Spiritual Practices are forms of prayer that draw us deeper into relationship with God and others and awaken us to God’s presence in the world around us. They can be practiced individually and in community. The fruit of a life of prayer and spiritual practice is compassionate action and widened heart. We may not always “feel God” in the ways we are expecting, but we are invited to trust that God is present in whatever arises as we engage in spiritual practices. Even restlessness, resistance, or boredom can be ways the Holy Spirit is trying to speak to us. Joy, gratitude, and love are also powerful signals of the Holy Spirit’s presence. Spiritual practices are a central way we can authentically live the inward-outward journey of discipleship.
A spiritual practice can be almost anything practiced with intention (to be in prayer) and attention (to God as the focus of prayer) including walking in nature, eating a meal, listening to music, painting, gardening, etc.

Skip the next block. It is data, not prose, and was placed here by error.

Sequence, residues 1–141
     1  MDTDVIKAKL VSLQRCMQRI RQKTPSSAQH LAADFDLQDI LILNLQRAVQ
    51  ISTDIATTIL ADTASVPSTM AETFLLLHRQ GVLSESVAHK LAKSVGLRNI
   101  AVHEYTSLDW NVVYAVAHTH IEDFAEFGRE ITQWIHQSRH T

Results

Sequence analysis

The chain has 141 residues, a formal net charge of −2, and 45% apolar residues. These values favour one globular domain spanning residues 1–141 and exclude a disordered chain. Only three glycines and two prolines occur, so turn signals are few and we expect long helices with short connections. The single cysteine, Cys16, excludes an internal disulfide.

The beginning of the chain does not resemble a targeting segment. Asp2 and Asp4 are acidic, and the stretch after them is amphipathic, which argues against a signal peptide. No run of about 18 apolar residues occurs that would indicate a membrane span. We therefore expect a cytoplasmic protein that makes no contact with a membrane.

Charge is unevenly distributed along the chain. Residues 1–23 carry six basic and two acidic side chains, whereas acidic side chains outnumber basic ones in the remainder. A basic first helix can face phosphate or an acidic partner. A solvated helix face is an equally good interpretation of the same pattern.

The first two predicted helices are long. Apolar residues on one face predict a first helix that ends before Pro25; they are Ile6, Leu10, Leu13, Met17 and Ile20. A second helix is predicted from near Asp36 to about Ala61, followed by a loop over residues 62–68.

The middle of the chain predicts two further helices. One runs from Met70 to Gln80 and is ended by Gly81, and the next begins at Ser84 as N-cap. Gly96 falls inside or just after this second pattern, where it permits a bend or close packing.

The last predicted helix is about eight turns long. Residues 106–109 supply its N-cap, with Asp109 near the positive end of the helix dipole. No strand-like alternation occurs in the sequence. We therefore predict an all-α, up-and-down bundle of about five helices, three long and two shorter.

Spiritual Practices for Children
Help children grow closer to God through these spiritual practices.
Prayer of Examen
The Prayer of Examen is a way of reviewing the day with God with the intent of examining our need for forgiveness and healing, reconciliation and recommitment.
Lectio Divina is Latin for divine or sacred reading. It is sometimes referred to as Dwelling in the Word. This spiritual practice is a holistic, experiential way of reading scripture that uses mind, emotion, imagination, the senses, and prayer.
This spiritual practice will help you empty inner clutter and chatter to create a space for being with God.
Holding in the Light
Holding in the Light is a form of communal intercessory prayer adapted from the Quaker movement. It is a way of praying for others using silence and imaging.
Introduction to Lenten Practices
This video contains six spiritual practices that help focus and deepen your Lenten journey.
Prayer and Spiritual Practice
What's the difference between prayer and spiritual practice? There is little distinction between these two terms except that prayer is essentially our relationship with God and spiritual practice is the form or structure the prayer takes. All spiritual practice is prayer. It is all about relationship with God.
Introducing the Labyrinth
This guide explains how to create a labyrinth and the different ways it can be used in a variety of setting to enhance spiritual renewal.
Putting Prayer in Context: A Practical Reference
This practical guide offers explanations and examples of common types of prayer used throughout the church. A handy reference for priesthood members.